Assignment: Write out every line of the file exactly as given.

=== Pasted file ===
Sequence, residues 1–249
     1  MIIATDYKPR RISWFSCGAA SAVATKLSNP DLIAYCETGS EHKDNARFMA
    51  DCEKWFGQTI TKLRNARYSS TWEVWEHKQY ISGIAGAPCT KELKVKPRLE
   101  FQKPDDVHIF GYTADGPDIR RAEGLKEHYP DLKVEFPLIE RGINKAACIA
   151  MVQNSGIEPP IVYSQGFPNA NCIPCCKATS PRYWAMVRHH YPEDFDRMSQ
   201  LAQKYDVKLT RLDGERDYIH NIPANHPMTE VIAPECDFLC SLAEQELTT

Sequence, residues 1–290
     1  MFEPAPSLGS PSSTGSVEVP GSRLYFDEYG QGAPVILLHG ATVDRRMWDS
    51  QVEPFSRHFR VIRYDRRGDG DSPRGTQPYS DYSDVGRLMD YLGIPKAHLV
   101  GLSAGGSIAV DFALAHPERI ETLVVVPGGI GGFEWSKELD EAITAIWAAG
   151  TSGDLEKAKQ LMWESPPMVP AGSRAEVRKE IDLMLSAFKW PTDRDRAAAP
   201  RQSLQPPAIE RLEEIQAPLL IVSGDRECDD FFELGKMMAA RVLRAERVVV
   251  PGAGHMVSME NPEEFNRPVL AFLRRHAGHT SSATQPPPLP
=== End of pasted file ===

Sequence, residues 1–249
     1  MIIATDYKPR RISWFSCGAA SAVATKLSNP DLIAYCETGS EHKDNARFMA
    51  DCEKWFGQTI TKLRNARYSS TWEVWEHKQY ISGIAGAPCT KELKVKPRLE
   101  FQKPDDVHIF GYTADGPDIR RAEGLKEHYP DLKVEFPLIE RGINKAACIA
   151  MVQNSGIEPP IVYSQGFPNA NCIPCCKATS PRYWAMVRHH YPEDFDRMSQ
   201  LAQKYDVKLT RLDGERDYIH NIPANHPMTE VIAPECDFLC SLAEQELTT

Sequence, residues 1–290
     1  MFEPAPSLGS PSSTGSVEVP GSRLYFDEYG QGAPVILLHG ATVDRRMWDS
    51  QVEPFSRHFR VIRYDRRGDG DSPRGTQPYS DYSDVGRLMD YLGIPKAHLV
   101  GLSAGGSIAV DFALAHPERI ETLVVVPGGI GGFEWSKELD EAITAIWAAG
   151  TSGDLEKAKQ LMWESPPMVP AGSRAEVRKE IDLMLSAFKW PTDRDRAAAP
   201  RQSLQPPAIE RLEEIQAPLL IVSGDRECDD FFELGKMMAA RVLRAERVVV
   251  PGAGHMVSME NPEEFNRPVL AFLRRHAGHT SSATQPPPLP